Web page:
Matkins History, Family Crest & Coats of Arms
The surname Matkins is a patronymic surname created from the personal name Matthew.
Early Origins of the Matkins family
The surname Matkins was first found in Glamorganshire (Welsh: Sir Forgannwg), a region of South Wales, anciently part of the Welsh kingdom of Glywysing, where they held a family seat from early times and their first records appeared on the early census rolls taken by the early Kings of Britain to determine the rate of taxation of their subjects.
Early History of the Matkins family
This web page shows only a small excerpt of our Matkins research. Another 109 words (8 lines of text) covering the years 1400, 1484, 1378, 1408, 1546, 1628, 1577, 1655, 1600, 1660, 1656, 1676, 1751, 1797 and are included under the topic Early Matkins History in all our PDF Extended History products and printed products wherever possible.
Matkins Spelling Variations
There are relatively few surnames native to Wales, but they have an inordinately large number of spelling variations. Early variations of Welsh surnames can be explained by the fact that very few people in the early Middle Ages were literate. Priests and the few other literate people were responsible for recording names in official documents. And because most people could not specific how to properly record their names it was up to the individual recorder of that time to determine how a spoken name should be recorded. Variations due to the imprecise or improper recording of a name continued later in history when names originally composed in the Brythonic Celtic, language of Wales, known by natives as Cymraeg, were transliterated into English. Welsh names that were documented in English often changed dramatically since the native language of Wales, which was highly inflected, did not copy well. Occasionally, however, spelling variations were carried out according to an individual's specific design: a branch loyalty within the family, a religious adherence, or even patriotic affiliations could be indicated by minor variations. The spelling variations of the name Matkins have included Mathews, Mathew, Matthew, Matthews, Mathewes and others.
Early Notables of the Matkins family (pre 1700)
Prominent amongst the family during the late Middle Ages was Sir David Mathew (1400-1484) was a Welsh knight, Lord of Llandaff, Seneschal of Llandaff Cathedral, one of the ten Great Barons of Glamorgan, Marcher Lord and Standard Bearer of England; Pope Matthew I of Alexandria (Matheos) (1378-1408), 87th Coptic Pope of Alexandria and Patriarch of the See of St...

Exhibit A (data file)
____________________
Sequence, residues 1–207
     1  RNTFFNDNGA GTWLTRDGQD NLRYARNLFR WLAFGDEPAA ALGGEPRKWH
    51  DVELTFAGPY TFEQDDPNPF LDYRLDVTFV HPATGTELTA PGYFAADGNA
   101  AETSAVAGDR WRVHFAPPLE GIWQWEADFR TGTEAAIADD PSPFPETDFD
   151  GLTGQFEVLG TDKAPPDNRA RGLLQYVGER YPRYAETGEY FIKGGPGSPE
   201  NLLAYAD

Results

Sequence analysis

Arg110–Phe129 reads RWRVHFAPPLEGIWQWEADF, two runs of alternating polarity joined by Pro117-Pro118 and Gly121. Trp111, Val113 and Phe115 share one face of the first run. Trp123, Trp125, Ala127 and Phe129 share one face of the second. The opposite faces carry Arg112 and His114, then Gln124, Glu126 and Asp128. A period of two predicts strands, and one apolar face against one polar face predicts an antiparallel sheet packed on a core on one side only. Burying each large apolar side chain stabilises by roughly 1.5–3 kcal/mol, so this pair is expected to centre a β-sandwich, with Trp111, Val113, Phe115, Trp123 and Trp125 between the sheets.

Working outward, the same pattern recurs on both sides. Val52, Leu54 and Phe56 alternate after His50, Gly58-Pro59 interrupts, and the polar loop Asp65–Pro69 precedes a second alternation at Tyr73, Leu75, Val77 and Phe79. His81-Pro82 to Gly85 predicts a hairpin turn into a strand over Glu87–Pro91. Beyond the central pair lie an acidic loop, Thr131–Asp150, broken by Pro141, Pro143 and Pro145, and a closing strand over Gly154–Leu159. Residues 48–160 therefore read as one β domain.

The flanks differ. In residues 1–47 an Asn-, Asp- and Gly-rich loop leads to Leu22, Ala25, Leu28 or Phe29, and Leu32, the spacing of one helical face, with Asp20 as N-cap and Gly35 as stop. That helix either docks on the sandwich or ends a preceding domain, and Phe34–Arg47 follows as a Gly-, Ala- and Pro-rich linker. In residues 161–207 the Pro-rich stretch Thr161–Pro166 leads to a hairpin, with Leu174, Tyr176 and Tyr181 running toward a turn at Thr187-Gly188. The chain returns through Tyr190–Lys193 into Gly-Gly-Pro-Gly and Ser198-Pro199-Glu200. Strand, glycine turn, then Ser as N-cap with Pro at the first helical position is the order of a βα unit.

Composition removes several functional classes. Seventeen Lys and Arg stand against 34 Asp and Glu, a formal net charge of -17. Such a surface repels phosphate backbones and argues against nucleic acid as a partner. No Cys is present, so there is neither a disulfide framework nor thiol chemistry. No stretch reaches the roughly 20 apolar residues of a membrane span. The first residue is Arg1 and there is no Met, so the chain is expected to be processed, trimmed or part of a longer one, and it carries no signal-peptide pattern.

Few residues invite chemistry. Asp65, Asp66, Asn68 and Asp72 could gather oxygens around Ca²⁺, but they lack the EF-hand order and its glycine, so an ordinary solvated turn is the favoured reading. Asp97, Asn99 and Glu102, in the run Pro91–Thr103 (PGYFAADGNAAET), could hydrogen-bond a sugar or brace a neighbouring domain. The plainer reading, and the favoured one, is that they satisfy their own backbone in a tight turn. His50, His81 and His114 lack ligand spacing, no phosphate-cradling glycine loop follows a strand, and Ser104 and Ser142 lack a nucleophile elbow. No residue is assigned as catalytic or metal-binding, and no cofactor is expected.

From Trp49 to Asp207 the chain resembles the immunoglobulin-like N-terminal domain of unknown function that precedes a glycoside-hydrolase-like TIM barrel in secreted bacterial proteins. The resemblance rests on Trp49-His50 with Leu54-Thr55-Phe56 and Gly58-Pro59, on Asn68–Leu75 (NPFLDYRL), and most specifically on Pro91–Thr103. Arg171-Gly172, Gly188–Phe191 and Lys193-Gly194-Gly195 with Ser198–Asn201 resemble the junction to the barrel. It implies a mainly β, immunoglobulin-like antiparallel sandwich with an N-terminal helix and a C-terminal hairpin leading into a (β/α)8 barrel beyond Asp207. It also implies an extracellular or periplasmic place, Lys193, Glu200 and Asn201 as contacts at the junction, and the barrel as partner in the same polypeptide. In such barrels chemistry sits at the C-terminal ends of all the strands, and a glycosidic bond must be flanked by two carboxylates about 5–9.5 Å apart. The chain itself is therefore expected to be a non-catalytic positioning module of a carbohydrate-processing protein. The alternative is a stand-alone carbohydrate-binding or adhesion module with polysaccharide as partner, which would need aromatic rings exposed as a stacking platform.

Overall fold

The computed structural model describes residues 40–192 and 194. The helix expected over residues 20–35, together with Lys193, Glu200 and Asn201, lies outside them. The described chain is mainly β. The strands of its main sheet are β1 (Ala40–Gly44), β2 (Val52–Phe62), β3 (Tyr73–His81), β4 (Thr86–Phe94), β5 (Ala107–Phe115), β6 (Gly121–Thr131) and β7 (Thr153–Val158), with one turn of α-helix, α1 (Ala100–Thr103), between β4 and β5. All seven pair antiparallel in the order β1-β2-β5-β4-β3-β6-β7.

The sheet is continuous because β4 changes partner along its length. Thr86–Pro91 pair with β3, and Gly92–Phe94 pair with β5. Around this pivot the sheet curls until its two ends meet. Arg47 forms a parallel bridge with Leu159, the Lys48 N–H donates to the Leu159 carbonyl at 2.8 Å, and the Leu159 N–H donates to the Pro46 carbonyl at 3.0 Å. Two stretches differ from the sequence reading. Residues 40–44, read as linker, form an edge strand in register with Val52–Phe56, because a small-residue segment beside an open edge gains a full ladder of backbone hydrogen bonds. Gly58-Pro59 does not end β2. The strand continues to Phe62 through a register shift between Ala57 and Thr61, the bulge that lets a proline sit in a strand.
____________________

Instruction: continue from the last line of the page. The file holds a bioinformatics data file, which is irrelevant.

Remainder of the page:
Another 59 words (4 lines of text) are included under the topic Early Matkins Notables in all our PDF Extended History products and printed products wherever possible.
Migration of the Matkins family to Ireland
Some of the Matkins family moved to Ireland, but this topic is not covered in this excerpt.
Another 92 words (7 lines of text) about their life in Ireland is included in all our PDF Extended History products and printed products wherever possible.
Migration of the Matkins family
Many Welsh families joined their Scottish and Irish neighbors during the late 1800s and early 1900s in seeking refuge in North America. Like the Irish and Scottish, many Welsh anxiously awaited the work, freedom, and opportunities that they believed lay in North America. Those who did journey over to the United States and what became known as Canada often realized those dreams, but only through much toil and perseverance. Whenever and however these Welsh immigrants arrived in North America, they were instrumental in the creation of the industry, commerce, and cultural heritage within those two developing nations. In the immigration and passenger lists a number of early immigrants bearing the name Matkins were found: Samuel Matthews, who came to Virginia from London in about 1618 and established a plantation at the mouth of the Warwick River; John Mathew, who settled in Virginia in 1639.
The motto was originally a war cry or slogan. Mottoes first began to be shown with arms in the 14th and 15th centuries, but were not in general use until the 17th century. Thus the oldest coats of arms generally do not include a motto. Mottoes seldom form part of the grant of arms: Under most heraldic authorities, a motto is an optional component of the coat of arms, and can be added to or changed at will; many families have chosen not to display a motto.
Motto: Y fyn Duw a fydd
Motto Translation: What God wills, will be.